Commentary

Sri Lanka – Singapore FTA: A New Dawn?

January 24, 2018    Reading Time: 6 minutes

Reading Time: 6 minutes

Image Credit: Igor-SPb / depositphotos

Divya Hundlani and Ganeshan Wignaraja*

The Sri Lanka-Singapore Free Trade Agreement signals a move towards a deepening economic relationship with Singapore. The critical policy question for Sri Lanka is how to fully benefit from such an agreement.

The two small island countries have enjoyed warm diplomatic ties for several decades. Singapore’s founding father, Lee Kuan Yew once noted, “Ceylon was Britain’s model Commonwealth country.” However, Sri Lanka is yet to fully realise the economic benefits of long-standing diplomatic ties with Singapore, in terms of export earnings or foreign investment flows. In terms of export values, Singapore was only Sri Lanka’s 20th largest trading partner in 2016.1

Significance of the new agreement

The signing of the Sri Lanka-Singapore Free Trade Agreement is pivotal for several reasons. The first of these is that the agreement indicates that Singapore recognises Sri Lanka’s potential as a trading hub in the Indian Ocean and as an entry point to fast-growing South Asia. It also underlines Singapore’s search for new trade and investment partners amidst a sharp slowdown in economic growth and rising wages.  In addition, the agreement is a landmark in Sri Lanka’s trade policy, as it seeks to improve the country’s trade openness and boost growth. It is also Sri Lanka’s most comprehensive trade agreement with any country and the first bilateral FTA since 2005. Finally, it signals Sri Lanka’s serious intent to engage in FTA-led regionalism with East Asia.

Content of the FTA

The comprehensive FTA covers goods, services, investments, trade facilitation, intellectual property rights and government procurement, among others. The SLSFTA also has specific policies to simplify customs procedures and provisions to target the financial services, telecommunications, and e-commerce sectors.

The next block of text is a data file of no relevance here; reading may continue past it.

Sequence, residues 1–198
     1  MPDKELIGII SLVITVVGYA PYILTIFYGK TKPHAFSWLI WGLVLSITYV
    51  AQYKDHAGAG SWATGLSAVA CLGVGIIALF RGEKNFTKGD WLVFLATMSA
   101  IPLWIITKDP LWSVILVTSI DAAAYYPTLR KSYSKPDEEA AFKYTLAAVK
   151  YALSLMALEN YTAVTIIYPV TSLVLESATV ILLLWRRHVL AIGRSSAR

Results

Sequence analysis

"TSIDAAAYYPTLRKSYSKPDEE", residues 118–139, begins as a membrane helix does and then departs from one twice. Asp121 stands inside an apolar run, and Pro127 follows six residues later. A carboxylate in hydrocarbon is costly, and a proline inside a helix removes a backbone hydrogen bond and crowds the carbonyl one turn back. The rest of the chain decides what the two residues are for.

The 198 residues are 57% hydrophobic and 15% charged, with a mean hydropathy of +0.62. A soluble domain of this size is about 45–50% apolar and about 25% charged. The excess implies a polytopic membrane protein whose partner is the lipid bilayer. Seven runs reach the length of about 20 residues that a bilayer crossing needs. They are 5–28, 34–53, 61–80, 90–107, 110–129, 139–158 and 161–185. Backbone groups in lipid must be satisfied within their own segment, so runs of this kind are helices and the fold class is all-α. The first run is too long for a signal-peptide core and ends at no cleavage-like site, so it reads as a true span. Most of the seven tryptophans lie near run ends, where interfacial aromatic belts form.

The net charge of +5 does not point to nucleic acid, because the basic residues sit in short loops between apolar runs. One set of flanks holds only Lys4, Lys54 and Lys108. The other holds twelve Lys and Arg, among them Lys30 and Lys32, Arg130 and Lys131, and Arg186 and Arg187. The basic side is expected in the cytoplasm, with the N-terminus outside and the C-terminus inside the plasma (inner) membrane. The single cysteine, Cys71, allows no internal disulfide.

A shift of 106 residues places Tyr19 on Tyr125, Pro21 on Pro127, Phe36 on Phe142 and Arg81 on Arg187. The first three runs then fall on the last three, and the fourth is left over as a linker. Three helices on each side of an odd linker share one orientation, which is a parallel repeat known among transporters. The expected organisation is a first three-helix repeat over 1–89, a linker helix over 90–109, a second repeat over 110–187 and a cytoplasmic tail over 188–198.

Singapore is one of the world’s most open and market-oriented economies, with 99% of all goods imports entering duty-free and few banned imports. Hence, market access to Singapore has not been a barrier for Sri Lankan exporters, even before the signing of the FTA. Meanwhile, the new agreement provides Sri Lankan firms with a relatively long adjustment period. It ensures that Sri Lanka will open 80% of its market in the next 12 years to Singaporean exporters.

The SLSFTA offers several potential economic gains for Sri Lanka. Among others, it will increase competition from imports which spurs industrial restructuring, it can bring increased FDI flows into services and high-end manufacturing, and it can stimulate enhanced technology and skill transfer. Sri Lanka’s SMEs can gain from subcontracting opportunities and selling services to larger firms. For Singapore, Sri Lanka represents an untapped potential market as they explore new opportunities for investment in financial services, insurance, and infrastructure development.

How can Sri Lanka fully benefit?

To take proper advantage of the agreement, Sri Lanka must position itself strategically in four crucial areas.

(i) Address the bilateral trade deficit which sits to Singapore’s advantage